With its iconic design that looks like a carefully balanced assemblage of white shells (or to some, a rack of stacked dishes) on Bennelong Point, the Sydney Opera House – Australia's most famous landmark and a UNESCO World Heritage-listed site – is an indisputable masterpiece of human creativity.
More than 200 designs were submitted when then state premier Joseph Cahill announced an international competition to build a ‘national opera house’ at Bennelong Point in February 1956, and the story behind the design we know today is filled with so much drama it could rival any opera you’d see on its various stages.
Relatively unknown, 38-year-old Danish architect Jørn Utzon won the competition with his sculptural design (one of 12 submissions considered), which would go on to transform not only his career, but also the image of the nation. Sadly, Joseph Cahill would never see his dream realised – the premier died before construction was completed, 17 years after the design competition was held. Even Utzon himself would also never see his masterpiece realised. After a stoush with the minister for works over spiraling costs, Ultzon resigned and left the country, never to return.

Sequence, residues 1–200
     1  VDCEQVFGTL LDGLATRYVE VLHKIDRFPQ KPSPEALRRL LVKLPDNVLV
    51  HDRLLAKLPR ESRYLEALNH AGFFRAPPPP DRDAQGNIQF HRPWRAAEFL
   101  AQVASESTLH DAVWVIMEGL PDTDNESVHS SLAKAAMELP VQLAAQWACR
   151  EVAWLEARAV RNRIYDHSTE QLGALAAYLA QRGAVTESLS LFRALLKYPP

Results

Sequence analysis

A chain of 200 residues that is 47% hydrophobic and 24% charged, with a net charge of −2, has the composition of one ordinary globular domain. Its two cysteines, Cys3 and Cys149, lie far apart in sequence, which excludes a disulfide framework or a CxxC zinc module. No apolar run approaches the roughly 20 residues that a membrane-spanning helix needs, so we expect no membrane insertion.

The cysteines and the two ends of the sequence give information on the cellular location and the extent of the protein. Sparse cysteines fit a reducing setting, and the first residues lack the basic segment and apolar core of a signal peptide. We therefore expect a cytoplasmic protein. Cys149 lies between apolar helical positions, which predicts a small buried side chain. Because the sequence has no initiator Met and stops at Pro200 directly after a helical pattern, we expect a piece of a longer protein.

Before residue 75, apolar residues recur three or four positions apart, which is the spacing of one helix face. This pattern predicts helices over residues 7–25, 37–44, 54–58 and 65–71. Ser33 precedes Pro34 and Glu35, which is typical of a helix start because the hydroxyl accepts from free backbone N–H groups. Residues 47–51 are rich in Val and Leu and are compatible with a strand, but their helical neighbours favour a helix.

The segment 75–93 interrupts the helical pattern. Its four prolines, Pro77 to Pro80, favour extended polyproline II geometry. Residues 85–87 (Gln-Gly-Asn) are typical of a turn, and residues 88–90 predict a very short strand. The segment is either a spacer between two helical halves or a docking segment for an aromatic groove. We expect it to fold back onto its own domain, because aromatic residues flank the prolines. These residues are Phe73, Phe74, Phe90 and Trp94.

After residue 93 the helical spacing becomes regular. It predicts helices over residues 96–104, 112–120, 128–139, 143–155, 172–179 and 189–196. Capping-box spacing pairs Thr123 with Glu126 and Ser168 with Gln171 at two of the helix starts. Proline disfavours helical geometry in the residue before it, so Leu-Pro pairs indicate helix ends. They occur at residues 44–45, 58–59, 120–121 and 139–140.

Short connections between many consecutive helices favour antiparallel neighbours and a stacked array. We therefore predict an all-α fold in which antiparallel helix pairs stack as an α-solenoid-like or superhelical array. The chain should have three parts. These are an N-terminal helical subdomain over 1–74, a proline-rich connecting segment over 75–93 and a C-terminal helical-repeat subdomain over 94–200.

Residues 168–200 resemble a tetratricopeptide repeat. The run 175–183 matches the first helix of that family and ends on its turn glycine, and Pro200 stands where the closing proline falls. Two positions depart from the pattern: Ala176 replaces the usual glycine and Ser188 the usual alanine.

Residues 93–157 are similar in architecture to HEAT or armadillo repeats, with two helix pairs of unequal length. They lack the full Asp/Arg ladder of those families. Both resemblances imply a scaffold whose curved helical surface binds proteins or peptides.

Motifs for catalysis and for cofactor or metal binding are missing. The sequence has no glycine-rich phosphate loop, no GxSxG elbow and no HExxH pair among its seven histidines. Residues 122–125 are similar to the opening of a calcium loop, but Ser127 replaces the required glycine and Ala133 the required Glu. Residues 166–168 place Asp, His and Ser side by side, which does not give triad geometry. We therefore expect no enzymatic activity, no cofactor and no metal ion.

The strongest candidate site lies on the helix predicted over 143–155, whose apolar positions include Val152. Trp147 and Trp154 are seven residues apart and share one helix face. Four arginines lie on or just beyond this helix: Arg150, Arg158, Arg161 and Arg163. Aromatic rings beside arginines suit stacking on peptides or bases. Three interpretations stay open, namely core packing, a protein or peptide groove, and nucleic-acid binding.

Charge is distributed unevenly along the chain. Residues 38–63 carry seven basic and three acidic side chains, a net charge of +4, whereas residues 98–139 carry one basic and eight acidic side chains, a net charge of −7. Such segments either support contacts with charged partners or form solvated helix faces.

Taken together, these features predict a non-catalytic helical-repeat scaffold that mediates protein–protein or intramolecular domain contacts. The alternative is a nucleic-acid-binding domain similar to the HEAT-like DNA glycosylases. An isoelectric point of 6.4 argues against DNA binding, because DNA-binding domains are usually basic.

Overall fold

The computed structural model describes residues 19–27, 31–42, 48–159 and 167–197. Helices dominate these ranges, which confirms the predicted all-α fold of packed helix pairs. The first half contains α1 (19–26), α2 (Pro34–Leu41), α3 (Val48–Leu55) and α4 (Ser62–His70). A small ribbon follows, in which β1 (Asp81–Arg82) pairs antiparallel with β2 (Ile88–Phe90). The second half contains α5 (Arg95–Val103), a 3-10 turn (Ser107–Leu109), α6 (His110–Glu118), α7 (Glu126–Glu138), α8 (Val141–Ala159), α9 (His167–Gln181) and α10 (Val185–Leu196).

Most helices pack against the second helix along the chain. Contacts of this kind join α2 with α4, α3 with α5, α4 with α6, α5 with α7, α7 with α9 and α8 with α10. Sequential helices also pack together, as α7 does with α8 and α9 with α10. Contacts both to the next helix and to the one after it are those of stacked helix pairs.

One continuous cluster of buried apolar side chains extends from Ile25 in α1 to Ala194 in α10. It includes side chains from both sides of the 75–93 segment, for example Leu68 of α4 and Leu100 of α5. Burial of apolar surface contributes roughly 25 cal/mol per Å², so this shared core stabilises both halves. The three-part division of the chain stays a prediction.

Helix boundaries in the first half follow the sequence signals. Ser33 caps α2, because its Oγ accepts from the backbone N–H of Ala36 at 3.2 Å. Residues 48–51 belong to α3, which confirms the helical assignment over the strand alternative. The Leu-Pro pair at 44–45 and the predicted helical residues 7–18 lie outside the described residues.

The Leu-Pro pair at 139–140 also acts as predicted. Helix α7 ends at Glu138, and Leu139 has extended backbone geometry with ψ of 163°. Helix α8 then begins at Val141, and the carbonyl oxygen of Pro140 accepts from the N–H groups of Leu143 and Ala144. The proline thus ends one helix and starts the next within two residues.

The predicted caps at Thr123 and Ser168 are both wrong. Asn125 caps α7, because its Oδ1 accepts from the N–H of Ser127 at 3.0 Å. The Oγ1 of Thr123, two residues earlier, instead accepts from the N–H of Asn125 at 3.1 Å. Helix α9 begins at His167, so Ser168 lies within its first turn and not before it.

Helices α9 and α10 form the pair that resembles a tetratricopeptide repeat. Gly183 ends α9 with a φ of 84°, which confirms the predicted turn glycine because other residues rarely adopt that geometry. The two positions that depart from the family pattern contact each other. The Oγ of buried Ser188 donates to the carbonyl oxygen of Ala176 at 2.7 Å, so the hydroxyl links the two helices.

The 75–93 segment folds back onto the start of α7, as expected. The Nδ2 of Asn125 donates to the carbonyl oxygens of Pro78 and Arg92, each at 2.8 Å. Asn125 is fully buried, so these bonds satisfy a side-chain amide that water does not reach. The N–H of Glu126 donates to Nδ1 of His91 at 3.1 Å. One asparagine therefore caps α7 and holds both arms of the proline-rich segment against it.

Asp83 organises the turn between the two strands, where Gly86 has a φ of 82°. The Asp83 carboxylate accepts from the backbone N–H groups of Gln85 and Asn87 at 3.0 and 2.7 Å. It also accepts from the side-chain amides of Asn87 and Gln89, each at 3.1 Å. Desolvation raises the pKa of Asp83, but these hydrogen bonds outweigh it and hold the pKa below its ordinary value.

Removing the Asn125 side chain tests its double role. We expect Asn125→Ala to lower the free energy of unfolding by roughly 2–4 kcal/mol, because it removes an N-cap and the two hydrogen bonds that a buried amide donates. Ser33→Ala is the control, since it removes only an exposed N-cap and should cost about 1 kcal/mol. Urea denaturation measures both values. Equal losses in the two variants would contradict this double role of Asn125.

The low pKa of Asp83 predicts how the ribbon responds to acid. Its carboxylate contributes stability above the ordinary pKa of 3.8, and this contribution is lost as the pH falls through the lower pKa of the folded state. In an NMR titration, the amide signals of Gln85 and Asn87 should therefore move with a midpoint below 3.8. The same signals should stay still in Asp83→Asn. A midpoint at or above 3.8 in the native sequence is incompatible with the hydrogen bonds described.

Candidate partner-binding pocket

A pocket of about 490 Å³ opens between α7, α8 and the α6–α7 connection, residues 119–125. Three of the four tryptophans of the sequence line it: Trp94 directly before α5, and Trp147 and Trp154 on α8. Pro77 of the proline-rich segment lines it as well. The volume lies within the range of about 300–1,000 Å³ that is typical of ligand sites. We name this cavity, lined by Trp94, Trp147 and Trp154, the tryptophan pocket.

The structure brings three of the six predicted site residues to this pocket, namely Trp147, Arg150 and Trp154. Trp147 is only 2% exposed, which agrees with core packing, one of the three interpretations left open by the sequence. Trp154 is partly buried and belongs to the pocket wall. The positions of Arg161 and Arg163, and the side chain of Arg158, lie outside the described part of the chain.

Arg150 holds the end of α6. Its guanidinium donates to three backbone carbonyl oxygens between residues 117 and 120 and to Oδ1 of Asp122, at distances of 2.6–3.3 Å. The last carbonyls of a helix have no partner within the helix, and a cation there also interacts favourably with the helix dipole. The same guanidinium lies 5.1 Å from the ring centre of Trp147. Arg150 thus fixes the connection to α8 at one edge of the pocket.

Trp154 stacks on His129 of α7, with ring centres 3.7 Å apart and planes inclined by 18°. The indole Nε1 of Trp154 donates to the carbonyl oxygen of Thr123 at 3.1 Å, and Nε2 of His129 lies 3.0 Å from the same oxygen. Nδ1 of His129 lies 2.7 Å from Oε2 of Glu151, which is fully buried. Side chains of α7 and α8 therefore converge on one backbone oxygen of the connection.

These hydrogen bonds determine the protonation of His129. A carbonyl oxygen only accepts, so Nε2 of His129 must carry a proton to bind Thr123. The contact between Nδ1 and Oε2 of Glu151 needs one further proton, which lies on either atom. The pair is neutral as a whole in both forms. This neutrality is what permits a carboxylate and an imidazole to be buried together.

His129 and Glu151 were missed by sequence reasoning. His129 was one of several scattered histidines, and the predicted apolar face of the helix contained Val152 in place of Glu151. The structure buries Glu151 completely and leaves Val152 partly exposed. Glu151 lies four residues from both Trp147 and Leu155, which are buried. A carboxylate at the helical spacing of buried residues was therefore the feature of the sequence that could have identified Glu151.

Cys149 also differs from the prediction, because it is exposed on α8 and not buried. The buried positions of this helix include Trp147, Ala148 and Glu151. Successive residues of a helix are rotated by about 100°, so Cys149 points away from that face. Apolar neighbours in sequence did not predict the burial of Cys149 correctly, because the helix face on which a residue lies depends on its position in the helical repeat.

But what would city life be like if one of the other 222 competition entries was picked? The cultural institution taking pride of place at Circular Quay could have an entirely different vibe. UK-based creative studio NeoMam unearthed seven of the best entries and created these incredible digital renderings, as commissioned by Budget Direct Travel Insurance, to give us a glimpse of just how differently Sydney could have looked.
It is interesting to note that no limit was set on the budget available to build the winning entry. The contest allowed architects to enter any number of drawings, as long as they were in black and white. It was also pointed out that architects would need to allow space for at least 100 cars to park on-site – mostly those of the orchestra.